Connected Cloth
Connected Cloth by textile artists Anne Kelly and Cas Holmes Respected textile artists Cas Holmes and Anne Kelly have enjoyed a productive and inspirational collaboration for many years, and have a wealth of experience in devising and running community textile art events and gallery exhibitions, as a pair and separately. Connected Cloth acts as a guide to set up artistic groups, sourcing venues, working to a unified vision (including setting ground rules and working practices), producing group exhibits. This fascinating book will encourage you to connect with other practitioners as well as take your own work to a new and exciting place.


More products mentioned in this article
Fishing line 100m £2.91 on Amazon UK 100m $2.99 on Amazon USA
Mounts Range of colours -Amazon UK
Canvases Range of sizes – Amazon UK Range of sizes – Amazon USA
Staple gun £10.99 on Amazon UK $12.50 on Amazon USA
Box frames
Wide range – Amazon UK Wide range – Amazon USA

Which methods do you prefer when hanging and displaying textile art? Let us and our readers know in the comments below.

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About the author

Joseph Pitcher is the son of textile artist Sue Stone. He is an actor and voice-over artist and has worked at the RSC, the National Theatre, West End theatres and several other leading regional venues across the UK. Find Joe on Google

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12 Comments on “Displaying and hanging textile art

  • Good article Anne. Thanks for sharing CC and images. I would add, check that the venue has no limitations on how they want you to hang your work as this could impact on the way your display the piece. ie in protected buildings etc.

    all best Cas

  • I loved looking at the seductive quality of the work displayed here. Thank you for the informative, thought provoking article. It has made me realise that I should be planning how and where to hang the piece in tandem to the overall choice of fabric, design elements, and execution.

    One of my favorite textile books is Cas Holmes ‘The Found Object In Textile Art’. Now I’m going to order Connected Cloth.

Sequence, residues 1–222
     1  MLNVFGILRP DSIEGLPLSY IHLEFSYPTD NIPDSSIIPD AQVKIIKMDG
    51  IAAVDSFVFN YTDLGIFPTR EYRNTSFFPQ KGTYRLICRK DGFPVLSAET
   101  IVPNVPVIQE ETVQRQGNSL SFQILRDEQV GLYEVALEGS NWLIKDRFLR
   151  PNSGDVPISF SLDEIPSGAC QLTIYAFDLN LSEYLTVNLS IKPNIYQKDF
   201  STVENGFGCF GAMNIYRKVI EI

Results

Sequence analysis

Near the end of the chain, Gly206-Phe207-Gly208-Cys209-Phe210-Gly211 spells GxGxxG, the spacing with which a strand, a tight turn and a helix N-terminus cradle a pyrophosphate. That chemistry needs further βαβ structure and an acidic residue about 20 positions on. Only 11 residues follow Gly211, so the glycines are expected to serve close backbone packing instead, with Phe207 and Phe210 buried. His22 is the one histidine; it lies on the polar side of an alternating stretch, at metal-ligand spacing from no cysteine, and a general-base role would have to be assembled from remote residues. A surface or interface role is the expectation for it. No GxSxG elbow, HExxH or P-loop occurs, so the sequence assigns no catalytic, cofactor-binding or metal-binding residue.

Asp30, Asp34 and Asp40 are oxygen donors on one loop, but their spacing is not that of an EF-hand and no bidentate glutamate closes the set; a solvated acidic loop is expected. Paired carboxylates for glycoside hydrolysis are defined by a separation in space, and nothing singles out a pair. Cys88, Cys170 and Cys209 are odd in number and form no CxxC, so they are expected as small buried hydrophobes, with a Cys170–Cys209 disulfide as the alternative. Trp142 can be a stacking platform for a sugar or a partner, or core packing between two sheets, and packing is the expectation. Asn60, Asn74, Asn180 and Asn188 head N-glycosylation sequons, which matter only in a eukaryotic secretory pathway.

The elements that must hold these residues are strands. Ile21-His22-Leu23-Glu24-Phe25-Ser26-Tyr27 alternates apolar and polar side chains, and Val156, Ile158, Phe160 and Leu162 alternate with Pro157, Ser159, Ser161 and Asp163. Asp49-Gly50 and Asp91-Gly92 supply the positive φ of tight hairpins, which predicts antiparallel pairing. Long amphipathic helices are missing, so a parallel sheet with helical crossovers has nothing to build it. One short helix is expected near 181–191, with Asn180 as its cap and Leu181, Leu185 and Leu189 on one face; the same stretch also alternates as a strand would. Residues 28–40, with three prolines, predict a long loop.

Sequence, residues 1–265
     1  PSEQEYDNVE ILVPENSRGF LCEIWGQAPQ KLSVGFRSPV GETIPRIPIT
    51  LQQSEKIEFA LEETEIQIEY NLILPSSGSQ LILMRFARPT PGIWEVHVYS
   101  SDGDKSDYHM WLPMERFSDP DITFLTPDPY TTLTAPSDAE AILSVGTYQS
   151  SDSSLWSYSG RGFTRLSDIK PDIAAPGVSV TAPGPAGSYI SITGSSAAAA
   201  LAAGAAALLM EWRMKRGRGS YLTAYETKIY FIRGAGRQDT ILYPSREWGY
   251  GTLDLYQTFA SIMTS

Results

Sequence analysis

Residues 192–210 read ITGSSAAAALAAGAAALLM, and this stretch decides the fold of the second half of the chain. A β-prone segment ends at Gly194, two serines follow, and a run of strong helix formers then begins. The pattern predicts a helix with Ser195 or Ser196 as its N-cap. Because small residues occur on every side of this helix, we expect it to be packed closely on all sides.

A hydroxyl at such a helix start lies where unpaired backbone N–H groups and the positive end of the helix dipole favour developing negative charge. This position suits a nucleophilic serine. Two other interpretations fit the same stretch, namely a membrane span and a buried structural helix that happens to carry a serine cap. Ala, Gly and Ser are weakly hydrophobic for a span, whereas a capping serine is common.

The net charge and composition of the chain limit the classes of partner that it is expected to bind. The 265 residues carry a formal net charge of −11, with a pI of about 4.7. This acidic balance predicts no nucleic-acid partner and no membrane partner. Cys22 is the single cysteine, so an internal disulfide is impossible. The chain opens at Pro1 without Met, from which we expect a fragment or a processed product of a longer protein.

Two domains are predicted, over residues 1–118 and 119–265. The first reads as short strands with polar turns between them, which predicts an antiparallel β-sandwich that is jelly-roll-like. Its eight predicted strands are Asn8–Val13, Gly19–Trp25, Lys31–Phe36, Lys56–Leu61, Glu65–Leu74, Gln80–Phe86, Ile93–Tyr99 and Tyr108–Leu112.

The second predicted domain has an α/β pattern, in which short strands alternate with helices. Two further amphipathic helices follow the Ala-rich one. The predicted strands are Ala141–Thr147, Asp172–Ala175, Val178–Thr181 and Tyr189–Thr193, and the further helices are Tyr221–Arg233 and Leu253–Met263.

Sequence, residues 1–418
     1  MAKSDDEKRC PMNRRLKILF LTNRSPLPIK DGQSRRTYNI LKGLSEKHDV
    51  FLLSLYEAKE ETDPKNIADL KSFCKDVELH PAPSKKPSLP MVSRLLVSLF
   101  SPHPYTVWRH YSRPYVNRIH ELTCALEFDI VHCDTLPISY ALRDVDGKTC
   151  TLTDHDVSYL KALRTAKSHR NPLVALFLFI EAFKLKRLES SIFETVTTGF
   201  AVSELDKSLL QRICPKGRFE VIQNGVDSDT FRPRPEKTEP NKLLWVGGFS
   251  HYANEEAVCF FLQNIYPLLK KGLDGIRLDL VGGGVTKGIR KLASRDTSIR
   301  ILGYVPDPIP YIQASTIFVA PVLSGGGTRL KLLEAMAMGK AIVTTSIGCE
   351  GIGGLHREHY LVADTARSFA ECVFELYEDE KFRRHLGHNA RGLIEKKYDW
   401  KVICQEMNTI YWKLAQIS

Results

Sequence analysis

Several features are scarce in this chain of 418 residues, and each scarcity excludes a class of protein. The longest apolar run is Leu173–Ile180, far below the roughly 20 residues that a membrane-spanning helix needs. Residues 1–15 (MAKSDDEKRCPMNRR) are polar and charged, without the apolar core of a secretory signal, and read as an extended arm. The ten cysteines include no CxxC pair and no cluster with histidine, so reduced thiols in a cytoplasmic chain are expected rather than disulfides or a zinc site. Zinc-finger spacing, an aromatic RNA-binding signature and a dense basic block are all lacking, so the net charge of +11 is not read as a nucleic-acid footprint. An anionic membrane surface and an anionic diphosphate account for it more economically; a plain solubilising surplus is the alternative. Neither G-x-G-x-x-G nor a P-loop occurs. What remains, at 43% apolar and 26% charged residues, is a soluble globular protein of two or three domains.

• Framing is so difficult. I tend to use blank canvases but cover them with an off white calico first then stitch the piece on through the back. I like the deep ones but if you use the thinner ones then a buyer could feasibly have it framed later. People seem to want to be able to frame things to ‘keep them clean’. I was once sitting in a cafe /gallery where I was exhibiting with a group. A couple of women walked along looking at them all until they got to some framed pieces. They said ‘You see these are alright because they’re behind glass’.

  • Thank you so much for sharing your expertise – it’s a very helpful article.
    Hanging large scale works straight is really challenging! I have a series of banners that are 3’x12′ and the only way I’ve been able to get them to hang straight and flat is to wrap the banner around layers of canvas and flannel. I tried fishing line and wooden sticks, but it still twisted and warped – even when the fabric is cut on grain.
    Anyone come up with other ways to do this?

  • Ellen, Anne mentioned electrical trunking in the article. You can get it in d.i.y/hardware stores in differing thicknesses very cheaply. As stated, it is strong and rigid despite its lightness. Getting one length to experiment, running fishing line through it is a viable cost.

    Great article, thanks, Anne.